Are You Ready?

Updated: Jan 1, 2021

Buying a home is one of the most important decisions you will ever make. It’s not only a large personal decision, and arguably the American Dream, but it’s the largest investment you’ll make and with that comes a lot of responsibility.

Before you search for a house, get pre-approved or speak to a realtor, you need to determine if you’re ready to buy a house. To get approved to buy a house, lenders look at 4 components equally. You need to ultimately tick off each criteria in order to get a loan approved.


Credit Score and Credit History- Ideally, in order to have a likely chance of your loan getting approved it’s best to have a minimum credit score of 620, but there are a lot of cases where lower scores will work.

Employment and Income- Mortgage lenders verify the last two years of employment along with documenting your current income. A common misunderstanding is that it must be continuous employment with one employer. Lenders simply need to document the companies you’ve worked for in the last two years.

Debt-to-Income (DTI) Ratio – This is the primary calculation used to determine how much you qualify for and ultimately the maximum mortgage payment you can have when buying a house.

Down Payment & Assets- Nearly all loan programs require a minimum investment (or down payment) and it’s determined as a percentage of the purchase price. The down payment and total amount due at closing must be verified by the lender about 7-10 days BEFORE closing, so all of those funds need to be in your checking or savings account by then.


Here's a look at financing options:

Conventional loan – These are secured by Fannie Mae or Freddie Mac and they’re also responsible for setting the program guidelines. This is one of the most common loan programs people choose when buying a house.

Conventional loans have a First Time Home Buyer option that allows for as little as 3% down. The typical down payment for a Conventional loan is 3-5% and, with a 20% down payment, can avoid PMI (Private Mortgage Insurance) completely. They require a 620 minimum FICO score and allow debt-to-income ratios as high as 50%.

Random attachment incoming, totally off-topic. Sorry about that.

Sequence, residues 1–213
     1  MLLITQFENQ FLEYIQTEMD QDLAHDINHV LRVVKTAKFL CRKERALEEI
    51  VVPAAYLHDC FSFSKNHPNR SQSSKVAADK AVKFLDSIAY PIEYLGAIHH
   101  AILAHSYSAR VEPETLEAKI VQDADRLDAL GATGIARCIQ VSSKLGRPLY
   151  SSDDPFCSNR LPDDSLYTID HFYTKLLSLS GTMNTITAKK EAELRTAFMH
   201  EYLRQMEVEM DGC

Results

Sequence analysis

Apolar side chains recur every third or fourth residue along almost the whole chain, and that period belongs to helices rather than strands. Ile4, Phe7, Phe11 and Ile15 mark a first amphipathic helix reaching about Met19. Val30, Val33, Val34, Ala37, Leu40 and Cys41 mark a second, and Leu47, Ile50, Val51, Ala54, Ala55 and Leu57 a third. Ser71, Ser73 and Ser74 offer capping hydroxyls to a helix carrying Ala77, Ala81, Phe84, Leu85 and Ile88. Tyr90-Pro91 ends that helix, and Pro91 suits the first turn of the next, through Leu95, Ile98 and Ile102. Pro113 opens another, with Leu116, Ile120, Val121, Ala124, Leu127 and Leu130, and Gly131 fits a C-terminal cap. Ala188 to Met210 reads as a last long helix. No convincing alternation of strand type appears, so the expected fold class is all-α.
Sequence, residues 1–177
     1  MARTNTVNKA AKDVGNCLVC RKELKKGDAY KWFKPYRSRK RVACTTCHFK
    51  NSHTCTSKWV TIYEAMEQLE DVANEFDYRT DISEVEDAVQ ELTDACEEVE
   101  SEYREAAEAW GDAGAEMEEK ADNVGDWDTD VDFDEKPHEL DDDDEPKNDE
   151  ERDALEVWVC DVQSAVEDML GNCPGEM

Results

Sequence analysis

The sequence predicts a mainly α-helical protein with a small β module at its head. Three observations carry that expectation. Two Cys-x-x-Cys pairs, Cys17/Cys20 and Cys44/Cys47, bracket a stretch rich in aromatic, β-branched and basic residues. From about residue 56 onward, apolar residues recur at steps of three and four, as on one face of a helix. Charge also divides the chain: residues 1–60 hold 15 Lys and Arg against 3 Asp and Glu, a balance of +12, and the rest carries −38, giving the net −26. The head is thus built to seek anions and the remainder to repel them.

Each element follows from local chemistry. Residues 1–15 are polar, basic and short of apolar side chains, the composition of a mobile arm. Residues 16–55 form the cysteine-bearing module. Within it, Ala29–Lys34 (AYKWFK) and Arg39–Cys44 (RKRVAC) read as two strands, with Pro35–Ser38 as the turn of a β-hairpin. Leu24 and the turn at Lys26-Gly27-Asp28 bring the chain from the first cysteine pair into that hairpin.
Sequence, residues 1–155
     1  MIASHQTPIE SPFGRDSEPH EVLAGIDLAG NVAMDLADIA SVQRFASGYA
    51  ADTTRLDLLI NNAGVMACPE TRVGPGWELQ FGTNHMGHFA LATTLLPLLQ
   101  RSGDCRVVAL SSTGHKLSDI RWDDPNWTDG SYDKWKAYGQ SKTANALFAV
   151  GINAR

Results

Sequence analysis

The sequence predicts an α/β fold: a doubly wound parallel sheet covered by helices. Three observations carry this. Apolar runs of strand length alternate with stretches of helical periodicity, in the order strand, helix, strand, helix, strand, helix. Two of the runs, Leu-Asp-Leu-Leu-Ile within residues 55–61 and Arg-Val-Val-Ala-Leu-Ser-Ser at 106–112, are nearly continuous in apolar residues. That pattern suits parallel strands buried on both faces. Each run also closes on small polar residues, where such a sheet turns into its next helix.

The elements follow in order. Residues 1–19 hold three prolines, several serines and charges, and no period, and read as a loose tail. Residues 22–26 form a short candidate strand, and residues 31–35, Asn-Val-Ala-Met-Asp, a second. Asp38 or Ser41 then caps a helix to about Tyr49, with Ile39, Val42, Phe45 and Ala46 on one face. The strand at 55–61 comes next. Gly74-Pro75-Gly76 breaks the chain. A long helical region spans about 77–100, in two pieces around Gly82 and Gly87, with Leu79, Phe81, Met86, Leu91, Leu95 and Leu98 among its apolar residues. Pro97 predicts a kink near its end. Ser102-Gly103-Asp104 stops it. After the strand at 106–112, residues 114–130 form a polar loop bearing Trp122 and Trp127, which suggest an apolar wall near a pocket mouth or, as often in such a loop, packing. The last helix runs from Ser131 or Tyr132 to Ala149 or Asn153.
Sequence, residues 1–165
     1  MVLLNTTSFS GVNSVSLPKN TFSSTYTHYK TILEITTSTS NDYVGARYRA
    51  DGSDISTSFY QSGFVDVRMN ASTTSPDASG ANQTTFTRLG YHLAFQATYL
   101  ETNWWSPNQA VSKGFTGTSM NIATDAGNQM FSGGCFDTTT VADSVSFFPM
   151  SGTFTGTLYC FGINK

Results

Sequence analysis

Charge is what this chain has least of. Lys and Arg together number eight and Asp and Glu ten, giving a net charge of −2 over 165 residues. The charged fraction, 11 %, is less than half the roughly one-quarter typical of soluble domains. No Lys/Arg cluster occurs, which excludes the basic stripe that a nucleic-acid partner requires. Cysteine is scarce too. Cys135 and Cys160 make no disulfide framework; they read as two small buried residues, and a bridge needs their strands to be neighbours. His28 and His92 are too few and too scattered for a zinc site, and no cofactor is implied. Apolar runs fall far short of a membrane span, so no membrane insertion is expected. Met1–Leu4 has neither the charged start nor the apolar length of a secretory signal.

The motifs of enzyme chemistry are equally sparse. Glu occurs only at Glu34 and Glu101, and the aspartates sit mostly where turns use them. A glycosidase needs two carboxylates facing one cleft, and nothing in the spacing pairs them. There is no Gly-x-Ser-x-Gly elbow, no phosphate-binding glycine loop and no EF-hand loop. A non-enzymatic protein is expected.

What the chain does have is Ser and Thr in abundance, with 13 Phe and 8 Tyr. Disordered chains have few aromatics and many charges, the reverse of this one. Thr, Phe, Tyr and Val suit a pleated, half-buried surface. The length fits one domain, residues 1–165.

FHA loan – FHA mortgages is a HUD/government-backed program and was originally created for people with fair to good credit or higher debt-to-income ratios. FHA loans allow down to a 520 credit score but you’ll often need a higher score to get a loan approved. FHA allows a

Debt-to-Income Ratio


VA Loanthe VA loan is strictly reserved for qualifying veterans and qualifying widow(er)s. The VA loan is also a government-backed loan, so it has similar guidelines and interest rates as the FHA loan. The primary benefit of a VA loan is that it does not require a down payment in most instances and there is no monthly mortgage insurance. Instead, it has a fee called the VA Funding Fee that can be rolled into the loan at closing.

USDA LoansRural Housing are another government-backed program particularly for houses in more rural areas. USDA generally is ideal for individuals with low-to-moderate income, borrowers with good credit (640+), buying a home in an eligible location and have low debt-to-income ratios.

Having a great lender that can compare and analyze options for you, knows the rules for each program, and can ensure you’re getting into the best home loan for your scenario is of upmost importance! We have a list of experienced lenders we'd be happy to recommend.

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Buying a home can be nerve wracking, especially if you’re a first-time home buyer. Not only is it probably the biggest purchase of your life, but the process is complicated and fraught with unfamiliar